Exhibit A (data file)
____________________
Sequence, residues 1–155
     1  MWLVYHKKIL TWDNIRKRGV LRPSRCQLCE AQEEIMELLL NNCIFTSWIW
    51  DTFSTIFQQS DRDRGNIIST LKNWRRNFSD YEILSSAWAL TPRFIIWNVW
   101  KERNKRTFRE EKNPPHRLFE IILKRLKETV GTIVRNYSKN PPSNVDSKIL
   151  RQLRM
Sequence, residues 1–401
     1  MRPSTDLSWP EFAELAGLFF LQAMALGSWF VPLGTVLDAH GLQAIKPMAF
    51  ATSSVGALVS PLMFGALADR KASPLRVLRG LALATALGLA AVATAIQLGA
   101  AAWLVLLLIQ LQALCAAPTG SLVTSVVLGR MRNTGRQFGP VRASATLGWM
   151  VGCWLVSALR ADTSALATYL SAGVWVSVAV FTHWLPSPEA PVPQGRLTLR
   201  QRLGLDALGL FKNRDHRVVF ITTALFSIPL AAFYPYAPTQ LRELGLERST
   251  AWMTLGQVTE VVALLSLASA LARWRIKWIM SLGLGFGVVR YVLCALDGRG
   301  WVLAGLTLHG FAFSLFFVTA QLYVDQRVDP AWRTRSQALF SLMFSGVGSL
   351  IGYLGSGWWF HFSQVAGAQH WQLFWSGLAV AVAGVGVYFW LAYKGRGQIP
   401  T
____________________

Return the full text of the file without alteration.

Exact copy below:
Sequence, residues 1–155
     1  MWLVYHKKIL TWDNIRKRGV LRPSRCQLCE AQEEIMELLL NNCIFTSWIW
    51  DTFSTIFQQS DRDRGNIIST LKNWRRNFSD YEILSSAWAL TPRFIIWNVW
   101  KERNKRTFRE EKNPPHRLFE IILKRLKETV GTIVRNYSKN PPSNVDSKIL
   151  RQLRM
Sequence, residues 1–401
     1  MRPSTDLSWP EFAELAGLFF LQAMALGSWF VPLGTVLDAH GLQAIKPMAF
    51  ATSSVGALVS PLMFGALADR KASPLRVLRG LALATALGLA AVATAIQLGA
   101  AAWLVLLLIQ LQALCAAPTG SLVTSVVLGR MRNTGRQFGP VRASATLGWM
   151  VGCWLVSALR ADTSALATYL SAGVWVSVAV FTHWLPSPEA PVPQGRLTLR
   201  QRLGLDALGL FKNRDHRVVF ITTALFSIPL AAFYPYAPTQ LRELGLERST
   251  AWMTLGQVTE VVALLSLASA LARWRIKWIM SLGLGFGVVR YVLCALDGRG
   301  WVLAGLTLHG FAFSLFFVTA QLYVDQRVDP AWRTRSQALF SLMFSGVGSL
   351  IGYLGSGWWF HFSQVAGAQH WQLFWSGLAV AVAGVGVYFW LAYKGRGQIP
   401  T